Health Department

Behavioral Health

Behavioral Health

 Our Mission

To preserve, protect, and promote the health and well-being of Grundy County

Our Vision

Healthy People, Thriving Communities, and Vibrant Futures

Behavioral Health

Darcy Jasien, MS, LCPC

Director of Behavioral Health

Our goal is to improve the mental and emotional well-being of our county residents, struggling with a mental illness and/or a substance abuse disorder. Our service goals focus on maintaining a stable life on an outpatient basis, improving daily functioning, and enhancing individual satisfaction in order to contribute socially and economically to the community.  For inquires, comments, questions, or concerns, please email the front desk and please include your name, phone number, and brief message.

National Suicide Prevention Lifeline 1-800-273-TALK (8255)

We Serve
  • Children and adolescents (7-18) struggling with: adjustment, anger issues, ADHD, bullying, poor communication skills, and/or experiencing anxiety or depression symptoms. Counseling can provide clients with better coping skills and problem solving techniques while in a safe place to express their feelings.
  •  Individuals 18 and older, with priority given to those with extensive mental health treatment history, experiencing functional struggles (daily life skills, occupation skills, social skills, lack of support, access to services), at risk of psychiatric hospitalization, and pregnant and/or postpartum women.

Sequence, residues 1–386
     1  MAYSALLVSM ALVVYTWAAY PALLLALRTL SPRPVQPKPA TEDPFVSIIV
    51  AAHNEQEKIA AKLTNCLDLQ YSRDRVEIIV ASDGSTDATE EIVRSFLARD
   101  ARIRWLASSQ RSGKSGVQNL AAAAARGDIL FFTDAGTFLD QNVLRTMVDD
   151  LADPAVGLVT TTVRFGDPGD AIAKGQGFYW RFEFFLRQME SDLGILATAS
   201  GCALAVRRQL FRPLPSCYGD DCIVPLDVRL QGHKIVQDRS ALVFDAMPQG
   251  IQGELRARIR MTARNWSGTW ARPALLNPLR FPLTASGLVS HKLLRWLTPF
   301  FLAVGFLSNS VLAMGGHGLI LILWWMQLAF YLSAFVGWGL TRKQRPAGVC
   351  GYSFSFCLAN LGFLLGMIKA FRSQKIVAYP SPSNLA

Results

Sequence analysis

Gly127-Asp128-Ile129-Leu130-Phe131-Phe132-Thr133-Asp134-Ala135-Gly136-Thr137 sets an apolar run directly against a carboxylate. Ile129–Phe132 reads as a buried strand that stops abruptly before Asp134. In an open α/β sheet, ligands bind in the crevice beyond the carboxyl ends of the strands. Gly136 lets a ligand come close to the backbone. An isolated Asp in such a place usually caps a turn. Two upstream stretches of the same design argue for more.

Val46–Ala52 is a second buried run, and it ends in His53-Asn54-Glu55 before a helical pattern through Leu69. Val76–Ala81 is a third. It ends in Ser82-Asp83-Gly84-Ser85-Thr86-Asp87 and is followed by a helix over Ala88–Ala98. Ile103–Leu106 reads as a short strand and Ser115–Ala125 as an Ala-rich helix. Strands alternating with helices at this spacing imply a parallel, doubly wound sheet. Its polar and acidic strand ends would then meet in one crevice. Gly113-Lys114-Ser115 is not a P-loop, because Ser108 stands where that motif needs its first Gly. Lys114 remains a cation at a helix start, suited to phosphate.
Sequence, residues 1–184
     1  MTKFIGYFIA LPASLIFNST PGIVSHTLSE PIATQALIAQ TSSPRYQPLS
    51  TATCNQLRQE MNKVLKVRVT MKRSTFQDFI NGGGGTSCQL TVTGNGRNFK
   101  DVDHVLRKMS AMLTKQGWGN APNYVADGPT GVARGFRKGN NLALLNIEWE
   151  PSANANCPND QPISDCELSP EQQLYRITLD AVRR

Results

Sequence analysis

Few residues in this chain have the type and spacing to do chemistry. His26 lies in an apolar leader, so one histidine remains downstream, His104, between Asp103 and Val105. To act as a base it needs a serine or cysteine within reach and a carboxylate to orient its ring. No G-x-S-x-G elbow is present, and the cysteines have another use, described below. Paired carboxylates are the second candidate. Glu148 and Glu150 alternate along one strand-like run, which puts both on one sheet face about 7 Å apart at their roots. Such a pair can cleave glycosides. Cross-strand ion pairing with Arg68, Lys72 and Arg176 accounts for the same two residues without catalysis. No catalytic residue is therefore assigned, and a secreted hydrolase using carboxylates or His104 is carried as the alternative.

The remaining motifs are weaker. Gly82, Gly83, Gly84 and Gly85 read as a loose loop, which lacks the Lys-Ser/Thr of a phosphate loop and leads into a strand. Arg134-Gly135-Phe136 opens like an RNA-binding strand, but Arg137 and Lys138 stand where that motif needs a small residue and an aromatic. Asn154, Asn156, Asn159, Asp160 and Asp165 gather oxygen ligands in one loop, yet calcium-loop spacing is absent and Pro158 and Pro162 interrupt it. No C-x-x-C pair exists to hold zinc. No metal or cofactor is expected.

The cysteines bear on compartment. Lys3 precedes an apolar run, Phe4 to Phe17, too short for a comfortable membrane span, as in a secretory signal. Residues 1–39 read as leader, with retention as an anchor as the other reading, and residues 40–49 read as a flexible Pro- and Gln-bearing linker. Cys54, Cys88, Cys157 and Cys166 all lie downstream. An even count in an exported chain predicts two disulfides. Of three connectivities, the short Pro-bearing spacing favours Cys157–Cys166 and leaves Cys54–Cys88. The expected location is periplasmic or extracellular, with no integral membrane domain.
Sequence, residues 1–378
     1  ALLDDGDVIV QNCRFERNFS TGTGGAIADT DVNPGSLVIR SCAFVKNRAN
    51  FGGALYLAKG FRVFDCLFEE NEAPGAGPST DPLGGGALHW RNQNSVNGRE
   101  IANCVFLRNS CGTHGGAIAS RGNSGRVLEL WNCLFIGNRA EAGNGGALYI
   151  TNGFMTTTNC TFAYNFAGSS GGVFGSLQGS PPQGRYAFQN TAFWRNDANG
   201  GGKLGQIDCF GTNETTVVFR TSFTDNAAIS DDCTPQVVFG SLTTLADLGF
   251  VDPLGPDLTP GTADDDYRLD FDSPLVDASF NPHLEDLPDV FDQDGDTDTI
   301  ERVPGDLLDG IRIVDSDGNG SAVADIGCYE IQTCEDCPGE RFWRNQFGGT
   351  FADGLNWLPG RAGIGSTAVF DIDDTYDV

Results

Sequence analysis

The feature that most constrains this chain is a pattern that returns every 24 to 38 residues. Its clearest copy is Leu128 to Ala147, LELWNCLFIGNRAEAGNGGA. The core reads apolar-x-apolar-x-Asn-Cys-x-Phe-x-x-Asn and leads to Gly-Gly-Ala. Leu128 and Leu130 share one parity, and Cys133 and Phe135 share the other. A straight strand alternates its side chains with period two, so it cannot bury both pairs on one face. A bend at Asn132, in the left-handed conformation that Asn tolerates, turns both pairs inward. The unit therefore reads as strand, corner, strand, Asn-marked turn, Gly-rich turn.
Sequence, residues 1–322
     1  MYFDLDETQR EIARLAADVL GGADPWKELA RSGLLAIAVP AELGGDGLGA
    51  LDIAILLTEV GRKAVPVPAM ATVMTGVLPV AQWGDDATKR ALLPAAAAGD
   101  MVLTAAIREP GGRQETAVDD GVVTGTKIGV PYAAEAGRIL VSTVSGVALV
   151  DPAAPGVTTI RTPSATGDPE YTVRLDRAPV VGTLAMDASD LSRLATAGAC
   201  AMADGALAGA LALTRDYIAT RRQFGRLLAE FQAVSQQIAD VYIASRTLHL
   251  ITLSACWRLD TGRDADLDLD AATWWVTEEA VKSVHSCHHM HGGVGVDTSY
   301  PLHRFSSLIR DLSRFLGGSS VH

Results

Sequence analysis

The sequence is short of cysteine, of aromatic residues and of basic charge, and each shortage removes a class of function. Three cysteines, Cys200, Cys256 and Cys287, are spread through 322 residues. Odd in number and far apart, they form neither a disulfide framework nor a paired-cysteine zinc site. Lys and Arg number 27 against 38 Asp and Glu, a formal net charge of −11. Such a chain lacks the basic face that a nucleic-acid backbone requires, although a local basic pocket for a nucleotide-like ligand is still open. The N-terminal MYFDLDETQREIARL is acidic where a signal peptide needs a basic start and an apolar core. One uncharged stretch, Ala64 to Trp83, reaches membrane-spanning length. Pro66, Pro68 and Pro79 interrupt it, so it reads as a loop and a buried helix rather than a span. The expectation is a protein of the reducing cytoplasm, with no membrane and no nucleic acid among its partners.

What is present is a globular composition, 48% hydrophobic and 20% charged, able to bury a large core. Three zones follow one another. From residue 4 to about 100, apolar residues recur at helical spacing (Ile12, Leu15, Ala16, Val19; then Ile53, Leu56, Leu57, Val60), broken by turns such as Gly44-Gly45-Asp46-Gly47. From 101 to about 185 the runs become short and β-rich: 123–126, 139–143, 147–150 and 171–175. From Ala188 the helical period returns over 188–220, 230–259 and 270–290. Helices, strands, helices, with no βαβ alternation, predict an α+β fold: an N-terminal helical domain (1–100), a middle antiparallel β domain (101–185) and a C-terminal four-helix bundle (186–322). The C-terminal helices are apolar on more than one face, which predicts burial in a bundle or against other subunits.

• 60+ Seniors including in home or at the office, depending on the needs of the client, with priority given to those 60 years of age and older, caregivers and grandparents (age 55 and older) raising grandchildren.
We Offer
  • Counseling by certified alcohol and drug abuse counselors for adolescents and adults, with priority given to parenting women, pregnant injecting drug users, injecting drug abusers at high risk for HIV infection, known HIV infected persons, and referrals from DCFS, TANF, DOC and TASC.
  • Mental health and/or substance abuse evaluations for those required by the courts, probation, DCFS or parole.
  • Mental Health and Drug Court assessments and counseling services are provided for individuals selected to participate in these alternative courts.
  • Assessment, Individual and Group Therapy, Parent/Child Counseling, Crisis Intervention, Case Management, Medication Management, Psychiatric Evaluation, Community Outreach and Education on Youth Mental Health First Aid, Critical Incident Stress Debriefing, Hoarding, Effects of Illicit Drugs, Alcohol and Prescription Medications, Side Effects of Medication, Coping Skills, Family Dynamics, Developing a Recovery Lifestyle, Identifying Self-defeating Behaviors, HIV/AIDS Prevention, Relapse Prevention, and Referrals to appropriate resources.
Our Staff Is Comprised Of
  • Professional therapists working within a multidisciplinary team approach ranging in certifications including CADC, LPC, LCPC, MISA, and QMHP.
  • Licensed and board certified psychiatrist
  • Licensed psychologist
Brochure: Behavioral Health Services